It’s become quite apparent that Will Oldham’s simply going to keep on doing it until his personal well of fresh ideas runs dry, and if his latest WOLFROY GOES TO TOWN, released under the long established nom de plume Bonnie Prince Billy is indicative, he’s not going to encounter that problem anytime soon. And where a big part of the guy’s appeal has always been the unpredictability of his moves accentuated by a rather prolific release schedule, WOLFROY finds him, if not settling down, then at least choosing to deeply examine one aspect of his hulking artistic gush to strikingly fine result. Specifically, this new one continues the fruitfulness of his work with The Cairo Gang and, most recently, the starkly effective vocal foil Angel Olsen. The connection with members of the Gang spans back to guitarist Emmett Kelly’s work on 2006’s excellent THE LETTING GO (he’s been a staple on Oldham’s long-players since), but the association with the full-on Cairo concern developed into something so appreciable that they earned co-billing on THE WONDER SHOW OF THE WORLD from last year and the Haitian benefit ISLAND BROTHERS 10” EP from a few months back. I’m unsure of why WOLFROY is credited to Bonnie Billy alone, but it’s not something I’ll devote more than a couple minutes to wondering about. The music does feel far less rehearsed than the contents of the two earlier records, so perhaps that’s part of it. But the album doesn’t shy away from complexity, and a little over two minutes into WOLFROY’S layered and precise second track “New Whaling” a mild vocal hiccup occurs that’s almost worth the price of admission alone. And if WONDER SHOW felt mildly like late-‘60s post-psyche country-folkin’ San Francisco in orientation (hinting at moments toward the undiminished mastery of Skip Spence’s gorgeous OAR) and BROTHERS radiated a more overtly rocking and singer-songwriter-like aura (that’s somewhat in league with Parsons and even Rundgren), this one really ups the sparseness of the folkish quality and nods toward non-flash roots-country elements. In other words, nothing all that new, but the real connective thread in all of Oldham’s work is plain to hear, investing the record with a graspable sense of continued artistic growth; namely, his consistent thematic investment in material of non-autobiographical intent. Unlike many artists in the roots, alt-country and even New Weird categories, Oldham is no nude confessor. His origins and continued work as an actor really shed light on the fictive orientation of much/most of his discography, and yet he’s also no homey nouveau-back-porch yarn spinner dripping with fake-sincerity; Oldham’s take on folk’s rich history is quite modern in orientation even if it lacks any blatant contemporary touches. If his stuff often feels out of time it is assuredly due to sonic intention and not that he’s trying to convince as some earthy/gritty “real” dude that just happened to emerge from underneath a long-fallen tree trunk with a detuned guitar and a rucksack full of tunes for the listening. And yet large groups of people relish dishing out dislike in Oldham’s direction due to their perception of arrogance or artifice on his part, though I strongly disagree, the bad vibes in my opinion stemming from his refreshing lack of false modesty, an occasional impatience with the rigmarole of often banal publicity requirements and the fact that he basically controls his own destiny in a scene largely still stubbornly beholden to businessmen. “Quail and Dumplings”, the record’s most forceful if not necessarily overly rocking track illustrates the old(er)/new(er) blend very well, being on one hand a solid empty-pot growling-tummy promise of better times ahead, but on the other kicking into high gear with strategic use of electric piano, lending the song the feel of an early-‘70s city-folky gesturing towards the album charts. It also points to how Oldham’s oeuvre has become increasingly resistant to easy comparative name-checking, though he’s never been an artist accurately tagged as derivative. Opener “No Match” does feel tangibly like ‘70s fringe country, with the give and take between Oldham and Olsen recalling Gram and Emmylou (how could it not?), and “New Whaling” returns to WONDER SHOW’s brief flirtation with a Blind Faith-like atmosphere before heading into the tense but mellow zone achieved by certain segments of the Brit-folk community, but whole big chunks of WOLFROY are damn near impossible to absorb as anything but this most impressive cat and the worthy cast of contributors that make up his current orbit. This is a feat of no mean circumstance. It’s what’s called a signature sound, and not many people have it. When this rare quality is considered with Oldham’s backwards-looking musical bent, his actorly tendencies and the desire to craft songs as beautiful little fictions, it becomes not a bit far-fetched to evaluate him as an artist most fittingly comparable in resonance of intent if not actual sound to old Aussie hand Nick Cave, though intrinsically American in orientation and less self-consciously literary. Another quite noteworthy facet of Oldham’s output is how he’s essentially remained with the Drag City imprint for his entire career, heading into his third decade with the Chicago-based label as one of only two artists of substantial longevity to do so (the other being Bill Callahan). This lack of restlessness on his part (and the unflagging support on the side of Drag City) likely plays a significant role in how Oldham’s records, like Callahan’s, hit such a qualitative plateau (a similar situation applies to names like Yo La Tengo, Lambchop and Tortoise). WOLFROY GOES TO TOWN isn’t a bit likely to sway folks resistant to his previous work, but that’s to its credit. Oldham remains admirably non-pop in orientation, having found a fertile place where his music can breathe and strengthen without the undue distracions or compromises of commercial demands. This is a record as good as its cover. And its cover is a very fine thing indeed. WOLFROY is destined to be one of the year’s best, so if you’re a fan it’s a must and if you’re just curious it’s a fantastic place to begin.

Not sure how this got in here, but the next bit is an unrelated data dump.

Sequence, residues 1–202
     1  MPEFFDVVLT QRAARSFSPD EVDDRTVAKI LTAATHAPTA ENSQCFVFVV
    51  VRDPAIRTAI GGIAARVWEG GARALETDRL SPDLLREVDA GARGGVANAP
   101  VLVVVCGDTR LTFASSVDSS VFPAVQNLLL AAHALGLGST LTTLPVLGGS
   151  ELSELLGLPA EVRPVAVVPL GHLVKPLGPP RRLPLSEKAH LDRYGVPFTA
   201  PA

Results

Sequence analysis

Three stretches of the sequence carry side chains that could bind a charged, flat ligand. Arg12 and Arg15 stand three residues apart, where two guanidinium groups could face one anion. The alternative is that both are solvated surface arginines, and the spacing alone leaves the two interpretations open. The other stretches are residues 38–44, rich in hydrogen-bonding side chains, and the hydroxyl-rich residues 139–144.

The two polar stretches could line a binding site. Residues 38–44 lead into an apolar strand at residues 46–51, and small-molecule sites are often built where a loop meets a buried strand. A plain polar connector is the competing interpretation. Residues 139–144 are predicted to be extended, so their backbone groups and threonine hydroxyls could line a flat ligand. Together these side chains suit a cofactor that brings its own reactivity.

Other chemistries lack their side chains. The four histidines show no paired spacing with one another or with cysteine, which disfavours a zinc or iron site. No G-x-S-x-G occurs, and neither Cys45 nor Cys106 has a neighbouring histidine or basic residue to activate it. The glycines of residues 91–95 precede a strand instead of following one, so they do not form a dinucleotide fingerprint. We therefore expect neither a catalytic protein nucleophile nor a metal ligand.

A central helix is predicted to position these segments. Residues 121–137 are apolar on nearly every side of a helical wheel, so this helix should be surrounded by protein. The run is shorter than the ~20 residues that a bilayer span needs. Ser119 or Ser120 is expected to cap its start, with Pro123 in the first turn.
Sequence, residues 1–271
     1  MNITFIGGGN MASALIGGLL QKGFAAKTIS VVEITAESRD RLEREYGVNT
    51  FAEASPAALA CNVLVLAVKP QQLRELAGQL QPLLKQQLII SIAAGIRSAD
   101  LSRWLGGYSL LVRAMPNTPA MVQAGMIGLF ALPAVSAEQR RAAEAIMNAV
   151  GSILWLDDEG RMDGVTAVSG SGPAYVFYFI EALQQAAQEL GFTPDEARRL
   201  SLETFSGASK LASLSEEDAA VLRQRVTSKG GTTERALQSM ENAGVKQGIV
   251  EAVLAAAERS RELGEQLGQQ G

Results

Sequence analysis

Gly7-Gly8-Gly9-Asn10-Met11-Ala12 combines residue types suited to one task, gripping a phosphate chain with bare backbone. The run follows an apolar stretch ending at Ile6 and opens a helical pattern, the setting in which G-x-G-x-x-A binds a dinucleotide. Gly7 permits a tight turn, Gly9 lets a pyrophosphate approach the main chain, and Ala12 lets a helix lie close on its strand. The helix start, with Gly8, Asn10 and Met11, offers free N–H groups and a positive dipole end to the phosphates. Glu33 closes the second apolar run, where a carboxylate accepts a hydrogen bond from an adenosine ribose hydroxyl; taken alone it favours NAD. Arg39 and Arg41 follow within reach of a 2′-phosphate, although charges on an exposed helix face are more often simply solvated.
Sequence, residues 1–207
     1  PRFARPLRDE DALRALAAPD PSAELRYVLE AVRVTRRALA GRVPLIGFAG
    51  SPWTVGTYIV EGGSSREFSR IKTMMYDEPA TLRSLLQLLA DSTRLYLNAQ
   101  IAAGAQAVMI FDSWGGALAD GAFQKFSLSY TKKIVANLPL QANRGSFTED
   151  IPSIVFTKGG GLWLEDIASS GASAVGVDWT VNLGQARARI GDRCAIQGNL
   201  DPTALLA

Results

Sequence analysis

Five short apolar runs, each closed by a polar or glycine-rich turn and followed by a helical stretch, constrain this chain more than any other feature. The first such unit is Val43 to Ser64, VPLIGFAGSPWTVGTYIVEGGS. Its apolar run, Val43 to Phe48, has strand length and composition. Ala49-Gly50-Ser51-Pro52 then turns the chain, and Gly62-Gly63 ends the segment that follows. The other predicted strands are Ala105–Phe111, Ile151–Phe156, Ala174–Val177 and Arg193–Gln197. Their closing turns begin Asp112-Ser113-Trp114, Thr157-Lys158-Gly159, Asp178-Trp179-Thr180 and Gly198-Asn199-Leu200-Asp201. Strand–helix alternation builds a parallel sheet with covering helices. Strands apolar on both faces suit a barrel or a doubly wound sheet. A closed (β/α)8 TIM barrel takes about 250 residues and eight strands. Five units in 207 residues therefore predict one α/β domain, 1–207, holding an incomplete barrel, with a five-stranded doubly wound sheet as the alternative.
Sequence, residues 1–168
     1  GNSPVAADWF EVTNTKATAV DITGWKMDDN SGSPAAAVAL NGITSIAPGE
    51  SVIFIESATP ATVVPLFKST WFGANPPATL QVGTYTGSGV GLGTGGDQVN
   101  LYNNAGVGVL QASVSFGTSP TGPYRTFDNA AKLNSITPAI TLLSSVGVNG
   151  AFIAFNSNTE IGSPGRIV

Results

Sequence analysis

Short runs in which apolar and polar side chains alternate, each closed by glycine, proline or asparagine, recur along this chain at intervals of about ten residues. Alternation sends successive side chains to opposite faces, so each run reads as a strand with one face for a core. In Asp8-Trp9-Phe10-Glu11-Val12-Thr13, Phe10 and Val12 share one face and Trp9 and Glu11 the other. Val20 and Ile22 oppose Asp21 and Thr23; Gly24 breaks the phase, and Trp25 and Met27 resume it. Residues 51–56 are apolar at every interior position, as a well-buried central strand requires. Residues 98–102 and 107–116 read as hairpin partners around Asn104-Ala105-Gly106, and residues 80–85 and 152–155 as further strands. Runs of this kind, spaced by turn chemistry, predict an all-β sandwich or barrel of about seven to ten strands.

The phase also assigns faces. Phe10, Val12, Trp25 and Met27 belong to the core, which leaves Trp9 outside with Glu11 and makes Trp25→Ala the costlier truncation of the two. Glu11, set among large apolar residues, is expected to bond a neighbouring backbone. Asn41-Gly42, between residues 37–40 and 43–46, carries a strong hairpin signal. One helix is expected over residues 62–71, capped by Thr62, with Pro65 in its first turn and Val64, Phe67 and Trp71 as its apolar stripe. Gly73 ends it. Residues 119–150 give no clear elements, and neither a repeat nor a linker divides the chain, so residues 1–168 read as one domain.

While I love Tom Waits like an eccentric, impulsive chain-smoking Uncle, I must admit that his work doesn’t really scratch my itch in toto until the release of '83's SWORDFISHTROMBONES, the record that marked the significant turning of a corner in his to that point struggling career, an artistic sea-change from whence he’s never looked back. Folks whose intro to Waits came through RAIN DOGS or FRANKS WILD YEARS or even BONE MACHINE or MULE VARIATIONS have been known to feel a bit flummoxed when exposed to the far more straight-ahead trajectory of his earlier stuff. Some eventually cotton to it without reservation, others appreciate it at arm’s length, and almost nobody in my experience dismisses it outright. The Tom Waits of ‘73’s debut CLOSING TIME to ‘80’s HEARTATTACK AND VINE is a markedly different artist from that which emerged with SWORDFISHTROMBONES, and one not inappropriately aligned with names such as Randy Newman (to which he was compared), Ricky Lee Jones (to which he was romantically involved), Bette Midler (with whom he sang a duet on ‘77’s FOREIGN AFFAIRS) and Bruce Springsteen (who covered “Jersey Girl” from HEARTATTACK AND VINE). Of all these names, the one that actually has the most in common with Waits isn’t Newman (it’s not a totally unapt comparison, but Newman’s a satirist and Waits is a synthesist, and later a surrealist) but Springsteen. Both were songwriters consciously adopting a performance persona that bordered on shtick; in Bruce it was a mixture of Dion/Del Shannon/Four Seasons/Phil Spector/pre-Beatles gestures paraded as spectacle for the legions that were finding post-Woodstock rock excess distasteful, and Waits in contrast proffered a blend of less specific and more comfortably theatrical beatniky/bohemian sensibilities combined with a downtrodden, emotionally strung-out jazzbo guise. Springsteen of course became wildly successful commercially (while in my estimation falling almost completely flat artistically) basically because he very effectively blurred the lines of the whole presentation, his overwrought Sha-Na-Na routine being widely, wildly mistook for authenticity (some may consider this a shrewd maneuver, but I feel it’s smoke and mirrors). On the other side of the coin Waits was artistically successful (while not yet his post-Herb Cohen self) if commercially limited since he made no attempt to hide that his whole artistic personality was an extensive examination of songwriting technique through elevated homage. That is, I find it impossible to believe that any observant listener in ’75 didn’t understand that NIGHTHAWKS AT THE DINER was an extended riff on an anachronistic archetype, specifically a hard-bitten, boozy, road-dog having an unbeatable night in a club of unusually receptive rowdies; in fact, the thing’s not inaccurately described as half a comedy record, though the jokes aren’t funny as much as they are “funny”. Waits was up-front in regard to his inherent theatricality and for this he paid the price until just he didn’t care anymore, subsequently shifting into a mix of Captain Beefheart, Kurt Weill, Screamin’ Jay Hawkins and David Lynch. Naturally there are hints of this change in his early work, particularly from SMALL CHANGE forward, and there were lingering remnants of his younger self all over SWORDFISHTROMBONES (like the track “Frank’s Wild Years”, where he gets to indulge his Charles Bukowski/Raymond Carver side) and RAIN DOGS (“Downtown Train” shows just how close he and Springsteen could actually be in both form and delivery), but Waits’ decision to bail on an established career that was constantly hanging around the fringes of the mainstream for the uncharted waters at the heart of the ‘80s experimental/New Music playground has hardly any precedent. And to be frank, for Waits to still be knocking out quality albums nearly 40 years after first hitting the scene doesn’t really have many antecedents either. Yeah, the guy’s long overdue new one BAD AS ME is fresh in the racks, and my initial impression is that it’s as strong as anything he’s done since FRANKS WILD YEARS. Slipping immediately into his post-nuke Howlin’ Wolf-zone and grooving into some hyperactive locomotive jazzy-blues, “Chicago” makes it abundantly clear he hasn’t lost a step. In fact he’s probably gained a few. He also hasn’t misplaced his unerring ear for contributors. Marc Ribot is again heading up the band, a bevy of familiar names are back in the ranks, including David Hidalgo of Los Lobos, avant-percussionist/composer Gino Robair, Southside Chicago mouth-harp legend Charlie Musselwhite and some scraggly emaciated cat named Keith Richards, plus Sir Douglas Quintet/Texas Tornado-member Augie Meyers and Chili Pepper Flea both make the scene as newcomers. Like most of Waits’ output, BAD AS ME is a grower; the moodiness of the record registers first, then the high quality of the songs all begin to shine. But a few tunes are already starting to assert themselves. Examples: the Jay Hawkins-like title track, the mildly Pogues-esque “Pay Me”, the Country & Mexican of “Back in the Crowd”, the bluesy martial-industrial of “Hell Broke Luce” and the by now sui generis laments of “Last Leaf” and the closer “A New Year”. The thing that becomes plainly apparent when really immersing oneself in Waits’ later material is how methodically he’s cultivated a new persona to replace the one he kicked into the Tinseltown gutter way back in Reagan’s first term. This is in no way a bad realization. Very much an actor and performer (as opposed to a more intuitive musician), what Waits has been refining with stops and starts for the last thirty or so years resists being called shtick only because it’s so specific to his unique personality; for that same reason it’s hard to imagine anybody having the sheer chutzpah to blatantly cop his moves and modes for their own ends. And yet as he gets older his instantly recognizable growl, bark and bellow feels less like cagey affectation, registering as more natural than ever, Waits having finally grown into that gravelly, weathered voice, a sound he can truly call his own. Like that portly old mensch once said; how sweet it is. This is all a roundabout way of praising Waits as one of the last true high-profile musical weirdoes still breathing on this mortal coil, a real global treasure to be sure, and BAD AS ME is a much needed addition to his discography after a seven year gap in new material.